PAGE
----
Syrian envoy: Israel will pay for foray

Ambassadors to UN, US deny report that IAF attacked in Syria after N. Korean nuclear shipment.

By JPOST STAFF, AP
September 14, 2007 18:55
2 minute read.
Syrian envoy: Israel will pay for foray

iaf planes 298 88 idf. (photo credit: IDF)

 
X

Dear Reader,
As you can imagine, more people are reading The Jerusalem Post than ever before. Nevertheless, traditional business models are no longer sustainable and high-quality publications, like ours, are being forced to look for new ways to keep going. Unlike many other news organizations, we have not put up a paywall. We want to keep our journalism open and accessible and be able to keep providing you with news and analyses from the frontlines of Israel, the Middle East and the Jewish World.

As one of our loyal readers, we ask you to be our partner.

For $5 a month you will receive access to the following:

  • A user experience almost completely free of ads
  • Access to our Premium Section
  • Content from the award-winning Jerusalem Report and our monthly magazine to learn Hebrew - Ivrit
  • A brand new ePaper featuring the daily newspaper as it appears in print in Israel

Help us grow and continue telling Israel’s story to the world.

Thank you,

Ronit Hasin-Hochman, CEO, Jerusalem Post Group
Yaakov Katz, Editor-in-Chief

UPGRADE YOUR JPOST EXPERIENCE FOR 5$ PER MONTH Show me later

The secret IAF foray into Syrian airspace was in fact an Israeli air strike directly linked to a North Korean shipment of suspected nuclear material which was delivered to Syria three days before the attack, the Washington Post reported on Saturday. According to the report, the ship arrived on September 3 in the Syrian port of Tartus. On September 6, the Post report claimed that the IAF attacked an "agricultural research center" which Israel believed was a facility used by the Syrians to extract uranium from phosphates. The report quoted an anonymous source who said that he received his information from Israelis who participated in the attack. According to that source, Israel took significant measures to protect the secrecy of the mission, briefing only those pilots who actually carried out the strike, and not the pilots of the planes providing cover. Further, the pilots who were involved in the attack were only told details after they had already taken off. However, on Saturday Syria denied these reports, and claimed that nothing in Syria was bombed by the IAF, and nothing was damaged. Reports of such an attack are "ridiculous and not true," Syrian Ambassador to the United Nations Bashar Ja'afari said. Ja'afari added that "Syria does not have North Korean nuclear facilities." Syrian Ambassador to the US Imad Moustapha told Newsweek that Israel would pay for its operation, Army Radio reported. Speculation over the IAF foray into Syrian territory has been the subject of considerable debate since news of the mission broke last week. On Friday, a senior US nuclear official said that the North Koreans were in Syria and Damascus may have had contacts with "secret suppliers" to obtain nuclear equipment. Andrew Semmel, acting deputy assistant secretary of state for nuclear nonproliferation policy, did not name the suppliers, but said there were North Koreans in Syria and that he could not exclude that the network run by disgraced Pakistan nuclear scientist A.Q. Khan may have been involved. The Washington Post reported Thursday that Israel had gathered satellite imagery showing possible North Korean cooperation with Syria on a nuclear facility. Semmel, who is in Italy for a meeting Saturday on the Nuclear Nonproliferation Treaty, said that Syria was certainly on the US nuclear "watch list." "There are indicators that they do have something going on there," he said. "We do know that there are a number of foreign technicians that have been in Syria. We do know that there may have been contact between Syria and some secret suppliers for nuclear equipment. Whether anything transpired remains to be seen." "So good foreign policy, good national security policy, would suggest that we pay very close attention to that," he said. "We're watching very closely. Obviously, the Israelis were watching very closely." Asked if the suppliers could have been North Koreans, he said: "There are North Korean people there. There's no question about that. Just as there are a lot of North Koreans in Iraq and Iran." Asked if the so-called Khan network, which supplied nuclear technology to Iran, Libya and North Korea, could have been involved, he said he "wouldn't exclude" it.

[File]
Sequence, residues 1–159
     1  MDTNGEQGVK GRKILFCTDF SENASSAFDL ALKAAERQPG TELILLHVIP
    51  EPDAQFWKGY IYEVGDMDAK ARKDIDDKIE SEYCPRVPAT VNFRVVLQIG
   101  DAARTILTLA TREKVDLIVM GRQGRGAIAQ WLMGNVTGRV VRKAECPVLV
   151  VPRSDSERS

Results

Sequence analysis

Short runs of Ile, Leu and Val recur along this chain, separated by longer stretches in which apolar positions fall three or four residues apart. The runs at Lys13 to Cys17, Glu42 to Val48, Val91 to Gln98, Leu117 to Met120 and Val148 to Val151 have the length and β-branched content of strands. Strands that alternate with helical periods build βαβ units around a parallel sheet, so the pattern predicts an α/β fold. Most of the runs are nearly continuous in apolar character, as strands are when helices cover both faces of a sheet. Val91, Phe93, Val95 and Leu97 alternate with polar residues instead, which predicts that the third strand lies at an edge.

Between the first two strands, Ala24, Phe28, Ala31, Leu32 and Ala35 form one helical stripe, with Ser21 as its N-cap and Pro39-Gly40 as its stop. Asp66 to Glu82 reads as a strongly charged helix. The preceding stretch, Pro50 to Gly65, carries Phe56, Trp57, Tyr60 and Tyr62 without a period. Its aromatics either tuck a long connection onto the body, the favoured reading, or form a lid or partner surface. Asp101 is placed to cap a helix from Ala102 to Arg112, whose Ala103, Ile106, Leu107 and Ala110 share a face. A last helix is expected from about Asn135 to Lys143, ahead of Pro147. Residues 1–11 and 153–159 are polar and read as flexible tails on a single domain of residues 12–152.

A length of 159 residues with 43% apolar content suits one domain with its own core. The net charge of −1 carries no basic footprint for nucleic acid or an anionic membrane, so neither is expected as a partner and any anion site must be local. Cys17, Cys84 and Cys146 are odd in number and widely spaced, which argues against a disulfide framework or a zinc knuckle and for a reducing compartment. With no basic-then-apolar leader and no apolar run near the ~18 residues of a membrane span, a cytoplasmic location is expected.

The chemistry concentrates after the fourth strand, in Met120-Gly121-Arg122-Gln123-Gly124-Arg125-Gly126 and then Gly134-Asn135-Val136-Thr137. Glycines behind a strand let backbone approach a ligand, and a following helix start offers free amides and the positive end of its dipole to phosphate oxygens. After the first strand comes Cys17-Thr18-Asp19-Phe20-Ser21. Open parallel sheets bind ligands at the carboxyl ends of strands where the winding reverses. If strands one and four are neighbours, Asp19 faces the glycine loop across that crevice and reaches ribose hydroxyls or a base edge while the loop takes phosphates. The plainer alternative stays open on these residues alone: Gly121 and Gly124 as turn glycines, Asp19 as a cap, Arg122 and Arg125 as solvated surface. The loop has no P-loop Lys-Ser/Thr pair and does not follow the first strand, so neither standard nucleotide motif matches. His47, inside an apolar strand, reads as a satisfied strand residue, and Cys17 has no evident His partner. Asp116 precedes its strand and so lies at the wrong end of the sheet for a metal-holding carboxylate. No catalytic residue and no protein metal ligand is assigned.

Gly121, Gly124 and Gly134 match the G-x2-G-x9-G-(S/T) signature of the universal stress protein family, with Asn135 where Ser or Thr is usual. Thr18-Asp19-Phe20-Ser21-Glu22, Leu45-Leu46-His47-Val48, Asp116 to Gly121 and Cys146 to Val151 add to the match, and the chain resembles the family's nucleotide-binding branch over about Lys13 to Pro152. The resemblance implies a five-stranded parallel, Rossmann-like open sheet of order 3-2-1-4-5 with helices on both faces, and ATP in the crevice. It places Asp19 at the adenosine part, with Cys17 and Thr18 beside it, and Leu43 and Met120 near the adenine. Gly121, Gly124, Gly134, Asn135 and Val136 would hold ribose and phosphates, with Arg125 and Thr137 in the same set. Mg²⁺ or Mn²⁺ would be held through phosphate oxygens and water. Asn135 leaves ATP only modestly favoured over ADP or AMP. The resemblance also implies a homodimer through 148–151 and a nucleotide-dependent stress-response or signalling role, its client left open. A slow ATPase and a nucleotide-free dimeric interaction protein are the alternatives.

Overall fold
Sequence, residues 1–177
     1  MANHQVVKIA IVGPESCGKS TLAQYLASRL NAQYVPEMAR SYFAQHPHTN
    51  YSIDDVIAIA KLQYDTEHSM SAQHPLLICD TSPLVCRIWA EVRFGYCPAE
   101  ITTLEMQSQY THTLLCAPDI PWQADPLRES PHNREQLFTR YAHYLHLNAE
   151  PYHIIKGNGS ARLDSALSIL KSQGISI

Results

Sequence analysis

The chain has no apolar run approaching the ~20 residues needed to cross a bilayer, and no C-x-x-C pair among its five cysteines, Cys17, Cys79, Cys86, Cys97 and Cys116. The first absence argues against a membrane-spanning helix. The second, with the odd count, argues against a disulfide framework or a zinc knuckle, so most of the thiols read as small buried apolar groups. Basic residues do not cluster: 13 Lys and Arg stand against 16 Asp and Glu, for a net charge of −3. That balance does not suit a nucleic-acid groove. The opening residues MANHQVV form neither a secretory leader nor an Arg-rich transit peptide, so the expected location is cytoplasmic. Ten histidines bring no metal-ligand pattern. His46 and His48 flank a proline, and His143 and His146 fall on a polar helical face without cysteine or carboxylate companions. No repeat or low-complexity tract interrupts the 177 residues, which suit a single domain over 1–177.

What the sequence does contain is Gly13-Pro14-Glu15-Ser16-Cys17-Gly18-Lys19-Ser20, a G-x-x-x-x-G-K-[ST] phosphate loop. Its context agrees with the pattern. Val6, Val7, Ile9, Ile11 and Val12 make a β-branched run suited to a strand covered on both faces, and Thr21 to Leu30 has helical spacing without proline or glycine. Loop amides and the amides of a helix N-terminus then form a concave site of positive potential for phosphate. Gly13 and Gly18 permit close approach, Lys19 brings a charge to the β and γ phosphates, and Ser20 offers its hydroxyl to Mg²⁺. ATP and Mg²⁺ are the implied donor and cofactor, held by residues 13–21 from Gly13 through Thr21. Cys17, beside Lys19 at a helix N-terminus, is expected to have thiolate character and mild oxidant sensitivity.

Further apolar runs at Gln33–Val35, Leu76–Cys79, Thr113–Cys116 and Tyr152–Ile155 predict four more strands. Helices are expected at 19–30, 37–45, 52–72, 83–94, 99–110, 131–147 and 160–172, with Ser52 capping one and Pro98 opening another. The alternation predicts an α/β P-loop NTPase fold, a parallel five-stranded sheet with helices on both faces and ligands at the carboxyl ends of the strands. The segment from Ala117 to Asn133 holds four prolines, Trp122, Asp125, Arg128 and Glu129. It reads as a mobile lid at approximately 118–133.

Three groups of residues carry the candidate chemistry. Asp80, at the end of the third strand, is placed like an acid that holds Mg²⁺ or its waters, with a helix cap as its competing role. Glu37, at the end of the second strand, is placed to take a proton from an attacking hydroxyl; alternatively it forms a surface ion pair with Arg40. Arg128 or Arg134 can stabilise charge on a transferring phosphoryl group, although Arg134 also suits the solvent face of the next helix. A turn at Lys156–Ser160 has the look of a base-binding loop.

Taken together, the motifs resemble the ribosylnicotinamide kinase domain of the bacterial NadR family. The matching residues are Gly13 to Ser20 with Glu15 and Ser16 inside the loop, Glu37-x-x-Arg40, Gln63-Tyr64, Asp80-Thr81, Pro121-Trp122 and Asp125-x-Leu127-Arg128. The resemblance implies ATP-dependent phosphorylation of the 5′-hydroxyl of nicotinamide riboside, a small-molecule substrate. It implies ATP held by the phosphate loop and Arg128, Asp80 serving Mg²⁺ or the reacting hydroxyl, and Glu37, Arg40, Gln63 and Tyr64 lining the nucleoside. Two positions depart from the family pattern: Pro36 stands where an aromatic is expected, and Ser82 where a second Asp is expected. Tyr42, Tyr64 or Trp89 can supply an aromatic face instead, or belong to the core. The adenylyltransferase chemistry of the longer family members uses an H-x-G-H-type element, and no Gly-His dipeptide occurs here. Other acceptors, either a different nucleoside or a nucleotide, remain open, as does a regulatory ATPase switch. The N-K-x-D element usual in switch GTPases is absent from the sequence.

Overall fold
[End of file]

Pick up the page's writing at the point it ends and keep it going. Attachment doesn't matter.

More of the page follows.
Join Jerusalem Post Premium Plus now for just $5 and upgrade your experience with an ads-free website and exclusive content. Click here>>

Related Content

December 11, 2018
Egyptian lawyer detained after wearing yellow vest

By REUTERS